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With Fidel gone, questions arise about what Raúl Castro will do

Cuban President Raul Castro addresses the United Nations General Assembly on its opening day, Sept. 28, 2015. The death of Fidel Castro on Friday has raised questions about what Raul, who assumed presidential powers in 2006 and officially became president in 2008, will do now. [Josh Haner | New York Times]
Cuban President Raul Castro addresses the United Nations General Assembly on its opening day, Sept. 28, 2015. The death of Fidel Castro on Friday has raised questions about what Raul, who assumed presidential powers in 2006 and officially became president in 2008, will do now. [Josh Haner | New York Times]
Published Nov. 27, 2016

MEXICO CITY — For half a century, as Fidel Castro transformed Cuba into a communist state and sparred with the United States, his brother Raúl worked in his shadow, the authoritarian leader's disciplined, junior partner.

But by the time the elder Castro died Friday night, Raúl Castro, who assumed presidential powers in 2006 before getting the official title in 2008, had transformed Cuba into country that was unrecognizable in many ways — and yet remarkably the same.

Raúl discarded some of the precepts that Fidel had considered sacred, chipping away at the communist scaffold his brother had built. And in a stunning embrace that caught the world off guard, he negotiated an end to the 50-year diplomatic standoff with the United States that Fidel had fiercely maintained.

It is now solidly Raúl's Cuba, an island where millennials talk to their cousins on Skype, where restaurant owners hustle for zucchini at privately run farms and where Americans clog the streets of old Havana.

Over all this, he has a firm hold on power, secured by trusted military leaders in vital positions and a new economic course of his making in which private enterprise plays an essential — but unthreatening — role.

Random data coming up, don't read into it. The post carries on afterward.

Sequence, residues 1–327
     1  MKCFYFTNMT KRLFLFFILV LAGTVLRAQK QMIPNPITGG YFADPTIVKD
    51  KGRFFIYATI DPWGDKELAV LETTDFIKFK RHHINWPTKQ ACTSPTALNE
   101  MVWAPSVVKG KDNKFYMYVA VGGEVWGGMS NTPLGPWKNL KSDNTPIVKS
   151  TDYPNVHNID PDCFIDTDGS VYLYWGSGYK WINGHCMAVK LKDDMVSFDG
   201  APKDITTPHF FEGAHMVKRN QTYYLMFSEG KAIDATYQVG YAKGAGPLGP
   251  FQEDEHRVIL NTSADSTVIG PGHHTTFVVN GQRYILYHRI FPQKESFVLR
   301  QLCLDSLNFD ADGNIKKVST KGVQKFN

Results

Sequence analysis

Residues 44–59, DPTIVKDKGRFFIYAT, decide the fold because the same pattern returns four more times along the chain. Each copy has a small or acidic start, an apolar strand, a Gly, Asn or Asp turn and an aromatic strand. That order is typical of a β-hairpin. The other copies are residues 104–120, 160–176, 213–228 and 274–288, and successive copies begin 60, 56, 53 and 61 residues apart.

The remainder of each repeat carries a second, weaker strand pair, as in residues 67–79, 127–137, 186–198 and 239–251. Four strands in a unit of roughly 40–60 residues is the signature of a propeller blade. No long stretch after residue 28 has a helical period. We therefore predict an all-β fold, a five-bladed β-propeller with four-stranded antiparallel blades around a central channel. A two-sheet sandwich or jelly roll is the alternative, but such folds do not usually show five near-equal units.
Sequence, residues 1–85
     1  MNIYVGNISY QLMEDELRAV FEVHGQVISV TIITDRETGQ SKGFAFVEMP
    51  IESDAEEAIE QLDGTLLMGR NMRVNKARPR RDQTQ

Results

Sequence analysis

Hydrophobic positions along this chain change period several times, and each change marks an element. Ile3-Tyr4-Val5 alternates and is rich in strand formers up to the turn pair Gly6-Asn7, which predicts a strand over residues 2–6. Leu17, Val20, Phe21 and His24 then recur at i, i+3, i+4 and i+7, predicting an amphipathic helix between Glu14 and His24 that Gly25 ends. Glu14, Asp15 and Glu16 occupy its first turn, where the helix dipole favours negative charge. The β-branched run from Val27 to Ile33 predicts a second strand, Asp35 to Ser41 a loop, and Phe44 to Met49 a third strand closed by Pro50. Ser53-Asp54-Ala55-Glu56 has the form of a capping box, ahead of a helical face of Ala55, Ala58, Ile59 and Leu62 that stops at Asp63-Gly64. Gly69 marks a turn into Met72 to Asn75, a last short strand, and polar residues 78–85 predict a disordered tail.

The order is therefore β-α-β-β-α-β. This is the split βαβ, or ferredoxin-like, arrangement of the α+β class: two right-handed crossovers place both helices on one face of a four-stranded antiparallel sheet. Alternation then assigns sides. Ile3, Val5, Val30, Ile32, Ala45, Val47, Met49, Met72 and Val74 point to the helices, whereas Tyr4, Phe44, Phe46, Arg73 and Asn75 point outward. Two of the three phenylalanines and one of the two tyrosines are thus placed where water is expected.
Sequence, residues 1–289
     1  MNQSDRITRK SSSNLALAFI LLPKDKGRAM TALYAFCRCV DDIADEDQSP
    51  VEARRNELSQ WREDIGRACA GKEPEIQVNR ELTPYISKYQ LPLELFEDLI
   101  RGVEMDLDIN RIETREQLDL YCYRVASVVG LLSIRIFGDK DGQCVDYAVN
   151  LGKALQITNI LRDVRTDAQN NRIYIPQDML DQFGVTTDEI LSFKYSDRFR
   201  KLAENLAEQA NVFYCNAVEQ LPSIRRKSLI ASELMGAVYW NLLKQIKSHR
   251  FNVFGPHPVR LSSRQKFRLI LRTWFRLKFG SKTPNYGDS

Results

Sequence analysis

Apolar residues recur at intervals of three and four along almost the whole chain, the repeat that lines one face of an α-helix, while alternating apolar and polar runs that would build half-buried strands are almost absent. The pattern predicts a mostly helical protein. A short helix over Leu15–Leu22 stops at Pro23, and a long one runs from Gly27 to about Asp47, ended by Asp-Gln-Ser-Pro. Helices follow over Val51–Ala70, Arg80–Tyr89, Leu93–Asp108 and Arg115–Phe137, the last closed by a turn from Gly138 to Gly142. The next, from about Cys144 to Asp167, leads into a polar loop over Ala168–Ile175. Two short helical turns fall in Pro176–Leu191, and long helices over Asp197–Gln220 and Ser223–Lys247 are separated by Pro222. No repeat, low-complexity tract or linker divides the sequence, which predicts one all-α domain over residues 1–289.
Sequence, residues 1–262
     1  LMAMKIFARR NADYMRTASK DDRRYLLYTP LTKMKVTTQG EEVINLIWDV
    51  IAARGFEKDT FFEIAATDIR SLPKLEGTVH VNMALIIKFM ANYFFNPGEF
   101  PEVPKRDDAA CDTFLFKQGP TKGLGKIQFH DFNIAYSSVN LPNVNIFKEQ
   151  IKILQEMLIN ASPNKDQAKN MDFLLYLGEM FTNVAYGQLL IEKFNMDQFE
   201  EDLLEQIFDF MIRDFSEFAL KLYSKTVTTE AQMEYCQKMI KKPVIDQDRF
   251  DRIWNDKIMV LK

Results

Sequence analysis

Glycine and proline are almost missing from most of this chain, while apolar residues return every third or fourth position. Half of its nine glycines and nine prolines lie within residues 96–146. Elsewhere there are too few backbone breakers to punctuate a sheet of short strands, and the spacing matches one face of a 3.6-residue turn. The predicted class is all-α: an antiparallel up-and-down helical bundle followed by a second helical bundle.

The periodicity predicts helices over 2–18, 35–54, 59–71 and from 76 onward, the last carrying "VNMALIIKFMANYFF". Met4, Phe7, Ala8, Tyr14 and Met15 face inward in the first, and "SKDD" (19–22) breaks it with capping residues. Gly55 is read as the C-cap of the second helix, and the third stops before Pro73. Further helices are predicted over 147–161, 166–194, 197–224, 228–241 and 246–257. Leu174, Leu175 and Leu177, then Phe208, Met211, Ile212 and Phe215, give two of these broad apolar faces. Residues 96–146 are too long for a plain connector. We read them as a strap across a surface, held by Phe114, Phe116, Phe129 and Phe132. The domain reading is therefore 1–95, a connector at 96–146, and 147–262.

Still, Fidel died at a time of great uncertainty. Cuba's regional benefactor, Venezuela, is collapsing economically. And many Cubans are trying to reach the United States while special immigration privileges are still in place.

With Fidel gone, a lingering question may now be answered: Did the weight of his legacy hold Raúl back, preventing him from substantially dismantling the cherished system his brother had constructed, or were the slow, halting steps toward change a reflection of Raúl's own desire to insert new life into the ailing Cuban economy — without weakening the structures of state power?

Enrique López Oliva, a retired church historian in Cuba, expects change. While he did not rejoice in Castro's death, he said, he found himself excited about the possibilities that it could bring for Cuba's future.

"It's the end of one era and the beginning of another," he said. "The death itself, we were waiting for that to happen at any moment. But now it feels like a new phase is about to begin." While Raúl is firmly in control, and seemingly in good health, many people inside and outside the country wonder what kind of Cuba comes after him.

Raúl, 85, has pledged to step down in 2018. His vice president and former minister for higher education, Miguel Mario Díaz-Canel Bermúdez, 56, is expected to fill the presidency. But in the opaque, tightly guarded circles of Cuban politics, it is impossible to know for sure.

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